noun (plural parapodia /ˌparəˈpəʊdɪə/)Zoology
1(In a polychaete worm) each of a number of paired muscular bristle-bearing appendages used in locomotion, sensation, or respiration.
- Subsequently work on a brittle star showed expression of the gene in the tube feet, and many found it difficult to equate the tube feet of echinoderms with the parapodia of polychaetes or the arthropod limb.
- The Polychaeta lack a clitellum and have parapodia, paddle-like appendages with numerous bristles or chaetae.
- Muller and Westheide found the innervation pattern of myzostomid parapodia and marginal cirri to be identical to that of polychaete parapodia and cirri.
1.1(In a sea slug or other mollusc) a lateral extension of the foot used as an undulating fin for swimming.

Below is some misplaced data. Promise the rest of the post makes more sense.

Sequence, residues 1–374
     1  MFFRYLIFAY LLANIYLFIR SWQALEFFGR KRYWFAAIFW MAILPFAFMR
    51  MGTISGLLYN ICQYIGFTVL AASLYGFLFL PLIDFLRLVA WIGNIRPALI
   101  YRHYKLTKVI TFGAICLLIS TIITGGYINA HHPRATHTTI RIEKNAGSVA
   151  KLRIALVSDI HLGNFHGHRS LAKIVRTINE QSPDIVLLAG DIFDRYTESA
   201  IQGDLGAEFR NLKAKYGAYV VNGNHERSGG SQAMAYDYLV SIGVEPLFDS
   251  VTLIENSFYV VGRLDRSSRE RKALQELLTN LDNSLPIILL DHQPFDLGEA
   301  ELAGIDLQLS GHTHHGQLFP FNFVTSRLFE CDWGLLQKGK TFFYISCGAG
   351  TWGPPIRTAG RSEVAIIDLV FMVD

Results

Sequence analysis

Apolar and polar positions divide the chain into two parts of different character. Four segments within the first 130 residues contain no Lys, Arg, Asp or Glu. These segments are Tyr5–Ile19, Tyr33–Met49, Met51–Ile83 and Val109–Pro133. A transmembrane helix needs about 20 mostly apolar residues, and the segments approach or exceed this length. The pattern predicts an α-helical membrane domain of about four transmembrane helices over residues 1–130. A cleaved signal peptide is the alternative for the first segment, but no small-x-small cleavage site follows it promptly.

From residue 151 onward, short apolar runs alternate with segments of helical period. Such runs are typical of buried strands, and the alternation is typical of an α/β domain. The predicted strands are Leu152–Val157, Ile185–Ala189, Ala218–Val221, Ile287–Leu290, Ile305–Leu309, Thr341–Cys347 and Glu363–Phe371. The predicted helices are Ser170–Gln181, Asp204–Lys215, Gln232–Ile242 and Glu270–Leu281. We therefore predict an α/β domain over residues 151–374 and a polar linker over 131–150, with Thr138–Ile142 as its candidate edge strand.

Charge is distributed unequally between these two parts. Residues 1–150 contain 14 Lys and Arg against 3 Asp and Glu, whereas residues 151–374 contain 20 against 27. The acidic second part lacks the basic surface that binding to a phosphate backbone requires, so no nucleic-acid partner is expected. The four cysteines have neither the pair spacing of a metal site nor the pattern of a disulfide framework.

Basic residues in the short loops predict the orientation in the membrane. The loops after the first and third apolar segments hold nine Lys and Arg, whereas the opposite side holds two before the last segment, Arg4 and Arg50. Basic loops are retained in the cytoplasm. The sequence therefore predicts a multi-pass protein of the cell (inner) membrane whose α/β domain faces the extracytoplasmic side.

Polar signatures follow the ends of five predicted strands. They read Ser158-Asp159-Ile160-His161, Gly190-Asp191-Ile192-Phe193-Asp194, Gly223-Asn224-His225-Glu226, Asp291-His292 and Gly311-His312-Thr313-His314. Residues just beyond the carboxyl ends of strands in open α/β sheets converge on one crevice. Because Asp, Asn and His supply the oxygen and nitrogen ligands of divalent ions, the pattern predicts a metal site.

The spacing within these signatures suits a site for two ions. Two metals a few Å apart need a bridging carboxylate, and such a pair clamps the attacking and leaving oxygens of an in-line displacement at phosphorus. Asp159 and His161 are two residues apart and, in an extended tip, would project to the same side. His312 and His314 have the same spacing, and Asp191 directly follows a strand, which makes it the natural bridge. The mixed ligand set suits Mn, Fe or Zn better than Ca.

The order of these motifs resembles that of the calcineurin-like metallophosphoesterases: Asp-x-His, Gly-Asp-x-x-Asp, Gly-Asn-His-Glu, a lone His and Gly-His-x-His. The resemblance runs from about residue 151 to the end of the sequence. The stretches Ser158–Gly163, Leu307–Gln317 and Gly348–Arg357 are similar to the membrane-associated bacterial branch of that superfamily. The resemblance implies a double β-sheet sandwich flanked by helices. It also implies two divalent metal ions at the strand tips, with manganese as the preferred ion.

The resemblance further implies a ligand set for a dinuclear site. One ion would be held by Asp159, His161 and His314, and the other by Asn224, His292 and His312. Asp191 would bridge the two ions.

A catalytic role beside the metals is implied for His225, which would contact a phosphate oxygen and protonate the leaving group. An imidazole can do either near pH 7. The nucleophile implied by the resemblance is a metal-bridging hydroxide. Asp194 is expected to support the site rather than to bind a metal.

- Among the Anaspidea, numerous species of the genus Aplysia, such as A. brasiliana, are capable of swimming by undulating their parapodia.
- The lateral edge of the parapodium was left free to contract.
- The pteropod mollusk Clione limacina swims by flapping a pair of wing-like parapodia.
- Example sentences
- However, behaviors that are outwardly different, such as the lateral bending of Melibe or the parapodial flapping and undulations of Clione and Aplysia brasiliana differ in their neuronal substrate.
- However, a very key interneuron in Melibe resides in the pedal ganglion, as is the case in both of the parapodial flappers, Aplysia and Clione, but neither of the dorsal-ventral swimmers.
- Either one or both parapodia were cut free from the body wall, taking care not to cut the parapodial nerves that connect the pedal ganglia to the periphery.
Late 19th century: modern Latin, from Greek para- 'subsidiary' + pous, pod- 'foot'.
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Line breaks: para|po¦dium
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